ROME: Rome has given birth to an ambitious “vanishing” artwork with William Kentridge’s completion of a giant frieze of the city’s “heroic and shameful” history that he has stenciled out of the dirt caking an embankment of the Tiber. The South African artist’s idiosyncratic take on the Eternal City’s defining moments is a 10-meter-tall mural that now lines a 550-meter stretch of the river.
The artist said he does not expect his “Triumphs and Laments” to last more than five years before the blackening impact of pollution makes these epic images impossible to see.
“It is an ephemeral project because that is the nature of it,” Kentridge, 60, said in an interview ahead of the work’s official inauguration on April 21. “It is making a drawing by erasing the dirt on the wall, not by adding anything to it.
“The wall starts off black and then you wash around the drawings and what is left is the image in the rock. After four or five years the rock will get dirty again from pollution and from growth. So the rock will come out and meet and swallow the image with its own darkness.”
While providing a living example of the impact of environmental degradation, Kentridge said, the work is also a commentary on the flawed nature of memory, both individual and collective.
“There are things we should hold on to but forget. And historical memories, things that society should remember, that get forgotten,” he continued. “Every history has a mixture of the heroic and the shameful, of glory and shame, and that is what the piece is about.”
Kentridge’s work juxtaposes the glories of the renaissance – most spectacularly represented in Rome by the construction of St. Peter’s Basilica – with the contemporaneous confinement of Jews to the city’s ghetto. The papal bull creating the ghetto was issued in 1555, half a century after work started on St. Peter’s.
“So this heroic history and this shameful history are right together,” Kentridge said. “I always thought the ghetto was a medieval project. I had not realized the great moments of Roman art from the 16th century were at the same time as that.”
The mural contains sections inspired by prehistoric times and by mythology alongside figures from recent history, including the film director Pier Paolo Passolini and actors Marcello Mastroianni and Anita Ekberg, stars of “La Dolce Vita,” Fellini’s 1960 love letter to Rome.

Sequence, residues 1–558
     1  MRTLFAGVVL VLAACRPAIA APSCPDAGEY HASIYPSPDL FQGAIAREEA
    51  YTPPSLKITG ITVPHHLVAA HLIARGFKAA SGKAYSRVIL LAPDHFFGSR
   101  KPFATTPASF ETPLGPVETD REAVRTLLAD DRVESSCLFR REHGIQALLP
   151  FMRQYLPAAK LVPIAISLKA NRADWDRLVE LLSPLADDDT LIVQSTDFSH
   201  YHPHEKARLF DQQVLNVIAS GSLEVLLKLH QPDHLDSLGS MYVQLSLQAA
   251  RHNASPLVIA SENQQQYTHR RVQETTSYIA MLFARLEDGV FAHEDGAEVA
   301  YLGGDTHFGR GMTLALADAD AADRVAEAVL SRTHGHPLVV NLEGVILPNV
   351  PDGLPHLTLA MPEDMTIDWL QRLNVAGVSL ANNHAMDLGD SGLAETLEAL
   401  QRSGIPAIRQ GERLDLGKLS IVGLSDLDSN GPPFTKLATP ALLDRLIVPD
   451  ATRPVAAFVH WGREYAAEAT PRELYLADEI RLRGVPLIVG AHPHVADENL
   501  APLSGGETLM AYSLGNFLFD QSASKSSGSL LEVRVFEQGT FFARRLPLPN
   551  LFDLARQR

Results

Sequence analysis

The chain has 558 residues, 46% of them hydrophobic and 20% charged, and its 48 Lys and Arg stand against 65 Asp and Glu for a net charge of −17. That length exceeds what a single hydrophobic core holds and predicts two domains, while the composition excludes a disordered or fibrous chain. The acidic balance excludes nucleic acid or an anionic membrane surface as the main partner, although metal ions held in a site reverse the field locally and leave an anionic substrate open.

The mural does not follow a chronological structure.
It makes reference to the current migrant crisis and mass drownings of asylum-seekers off Italy’s southern shores via a depiction of a Roman slave galley.
A depiction of Cicero, ancient Rome’s most famous orator, is followed by one of Benito Mussolini that is inspired, Kentridge revealed, by a fresco of the fascist dictator that still exists in Naples.
Cicero appears again after Mussolini. This time the staunch defender of the constitutional principles of the Roman republic is depicted as a shattered figure.
In a similar vein, heroic military figures – from the Emperor Marcus Aurelius onward – are all shown with cracks as a representation of the hubris that has marked the high points of the city’s history, preceding inevitable collapse.
Kenridge said he had worked with a team of researchers to identify historic images he could use as the basis for his drawings, whittling down a list of 500 possibles to 50.
“In the end,” he said, “it was an idiosyncratic, personal choice.”
The project, the brainchild of a non-profit organization dedicated to the renovation of Rome’s neglected waterfront, has been a long time in the making.
Kenridge first saw the site 15 years ago and completed his first sketches in 2011 before the project fell afoul of Italy’s notorious bureaucracy.
“The drawings were one job but the really hard part was getting the permissions,” he said. “That was four years hard slog.”
“Triumphs and Laments” is located on the right bank of the Tiber in the Trastevere district of Rome, close to St. Peter’s and across the water from the Ghetto area.